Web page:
Roberto Bolaño is known as an iconoclast who spent his life in exile for opposing Chile’s 1973 Military Coup. He became a legend, especially after being awarded prestigious literary prizes in the late 1990s. As a teenager he decided to devote his life to literature, immersing himself in the Western canon, including Latin American literary traditions. His ambiguous relationship to Chile, his native country, and its narrative made him unwelcome among established writers. This essay examines the myths that circulate about his persona, as Bolaño composed not only his literary fiction but also his life, raising doubts with his accounts. It is not uncommon, therefore, to find erroneous information about his life and beliefs as these are transformed into literary accounts. Relying on academic criticism as well as letters, essays, and interviews with the author, relatives and friends, I seek a better understanding of Bolaño’s life experience. His family moved frequently within Chile, emigrated to Mexico in 1968, and in 1977 Bolaño left for Europe. I study his three trips to Chile (1973, 1998, 1999), particularly examining the first one when he would have been arrested and incarcerated for several days.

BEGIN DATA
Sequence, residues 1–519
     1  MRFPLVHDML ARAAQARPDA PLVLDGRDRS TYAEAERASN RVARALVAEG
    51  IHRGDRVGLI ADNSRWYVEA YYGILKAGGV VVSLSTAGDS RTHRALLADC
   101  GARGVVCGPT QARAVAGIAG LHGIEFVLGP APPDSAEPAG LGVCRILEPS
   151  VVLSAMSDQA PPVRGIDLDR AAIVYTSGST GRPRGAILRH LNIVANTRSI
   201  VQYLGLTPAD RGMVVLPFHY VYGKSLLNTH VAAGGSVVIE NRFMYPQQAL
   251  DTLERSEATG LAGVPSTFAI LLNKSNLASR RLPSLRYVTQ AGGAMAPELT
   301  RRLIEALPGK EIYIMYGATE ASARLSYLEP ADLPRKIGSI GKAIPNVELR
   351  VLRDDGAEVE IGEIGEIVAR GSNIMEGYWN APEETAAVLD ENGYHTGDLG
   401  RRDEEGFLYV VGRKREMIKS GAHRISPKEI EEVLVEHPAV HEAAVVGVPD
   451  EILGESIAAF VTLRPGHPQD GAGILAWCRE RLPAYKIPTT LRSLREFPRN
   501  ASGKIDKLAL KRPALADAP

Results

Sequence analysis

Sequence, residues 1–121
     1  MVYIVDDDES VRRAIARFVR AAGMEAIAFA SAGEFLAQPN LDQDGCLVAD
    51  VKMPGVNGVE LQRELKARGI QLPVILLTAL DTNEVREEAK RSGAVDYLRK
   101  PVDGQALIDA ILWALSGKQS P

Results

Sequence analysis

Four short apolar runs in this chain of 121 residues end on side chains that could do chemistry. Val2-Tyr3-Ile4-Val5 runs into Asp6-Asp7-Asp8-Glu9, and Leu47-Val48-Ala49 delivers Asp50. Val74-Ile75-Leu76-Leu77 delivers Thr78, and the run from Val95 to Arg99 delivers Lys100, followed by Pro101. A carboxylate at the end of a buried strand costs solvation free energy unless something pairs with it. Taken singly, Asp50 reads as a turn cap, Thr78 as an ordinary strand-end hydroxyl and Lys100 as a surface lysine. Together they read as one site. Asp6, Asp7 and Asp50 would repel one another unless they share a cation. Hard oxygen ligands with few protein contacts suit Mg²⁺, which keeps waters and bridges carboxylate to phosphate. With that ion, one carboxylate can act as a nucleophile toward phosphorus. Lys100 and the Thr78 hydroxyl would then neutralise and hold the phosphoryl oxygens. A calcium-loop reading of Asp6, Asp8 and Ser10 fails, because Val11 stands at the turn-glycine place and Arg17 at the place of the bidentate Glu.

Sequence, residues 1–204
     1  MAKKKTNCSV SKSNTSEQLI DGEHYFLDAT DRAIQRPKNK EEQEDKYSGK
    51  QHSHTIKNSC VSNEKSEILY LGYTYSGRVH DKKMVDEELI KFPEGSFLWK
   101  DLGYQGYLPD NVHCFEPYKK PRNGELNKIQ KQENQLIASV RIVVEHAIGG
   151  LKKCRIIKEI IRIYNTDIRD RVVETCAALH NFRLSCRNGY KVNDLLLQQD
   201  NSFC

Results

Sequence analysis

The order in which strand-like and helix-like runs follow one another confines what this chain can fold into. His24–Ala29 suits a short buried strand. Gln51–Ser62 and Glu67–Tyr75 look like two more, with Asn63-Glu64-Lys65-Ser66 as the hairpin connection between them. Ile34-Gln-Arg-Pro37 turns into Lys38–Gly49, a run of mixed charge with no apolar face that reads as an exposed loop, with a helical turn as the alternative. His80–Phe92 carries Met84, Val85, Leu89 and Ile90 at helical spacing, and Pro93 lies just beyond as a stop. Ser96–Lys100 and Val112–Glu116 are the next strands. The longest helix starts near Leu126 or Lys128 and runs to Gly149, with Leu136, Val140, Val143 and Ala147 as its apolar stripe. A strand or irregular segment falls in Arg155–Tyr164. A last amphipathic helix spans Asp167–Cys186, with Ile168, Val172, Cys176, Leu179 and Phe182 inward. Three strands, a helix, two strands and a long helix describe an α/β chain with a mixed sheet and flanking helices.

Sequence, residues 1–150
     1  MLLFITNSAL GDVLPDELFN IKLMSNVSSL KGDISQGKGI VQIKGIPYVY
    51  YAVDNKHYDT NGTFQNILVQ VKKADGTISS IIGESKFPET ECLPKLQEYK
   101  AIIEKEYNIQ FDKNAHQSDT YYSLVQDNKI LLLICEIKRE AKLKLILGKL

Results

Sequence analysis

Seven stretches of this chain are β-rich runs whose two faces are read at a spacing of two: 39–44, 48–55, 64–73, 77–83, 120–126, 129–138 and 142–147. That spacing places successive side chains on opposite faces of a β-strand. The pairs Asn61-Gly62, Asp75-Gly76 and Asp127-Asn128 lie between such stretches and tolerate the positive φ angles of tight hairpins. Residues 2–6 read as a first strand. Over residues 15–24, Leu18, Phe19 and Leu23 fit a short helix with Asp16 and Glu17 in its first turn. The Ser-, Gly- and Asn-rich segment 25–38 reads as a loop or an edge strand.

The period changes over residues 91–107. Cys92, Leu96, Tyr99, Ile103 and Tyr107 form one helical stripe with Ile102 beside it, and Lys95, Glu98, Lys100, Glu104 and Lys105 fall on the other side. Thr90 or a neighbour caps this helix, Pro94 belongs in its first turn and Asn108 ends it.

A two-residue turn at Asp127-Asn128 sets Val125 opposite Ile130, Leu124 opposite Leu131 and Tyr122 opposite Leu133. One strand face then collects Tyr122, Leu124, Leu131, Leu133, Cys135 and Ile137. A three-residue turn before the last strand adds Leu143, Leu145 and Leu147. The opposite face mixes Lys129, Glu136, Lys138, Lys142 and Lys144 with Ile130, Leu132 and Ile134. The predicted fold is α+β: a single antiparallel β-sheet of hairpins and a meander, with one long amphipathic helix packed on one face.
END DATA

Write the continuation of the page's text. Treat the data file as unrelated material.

This paper utilizes Monte Carlo simulation to estimate the frequency with which private property was confiscated in the Greek world in the Classical period (circa 480–330 BCE). Confiscation is defined for the purposes of this paper as the uncompensated, sudden loss of landed property. The first step is to establish the demographic context within which confiscation occurred, and then to analyze four mechanisms for the confiscation of property: exile arising from stasis; the expulsion of a population by a foreign power; andrapodismos or mass enslavement; and the imposition of a cleruchy. Other mechanisms by which confiscation occurred, but which cannot be quantified, are briefly discussed. The model shows that, based on the beliefs I hold about the four mechanisms for confiscation that have been analyzed, the average estate owner faced a 2.6–18.6 % chance of experiencing confiscation in his lifetime, with a mean likelihood of 10.5 %. This finding is at odds with the prevailing view that Greek poleis ensured the security of private property, which in turn contributed to the remarkable economic growth of the period. The conclusion suggests some possible responses by the Greeks themselves to the imperfect property security they experienced.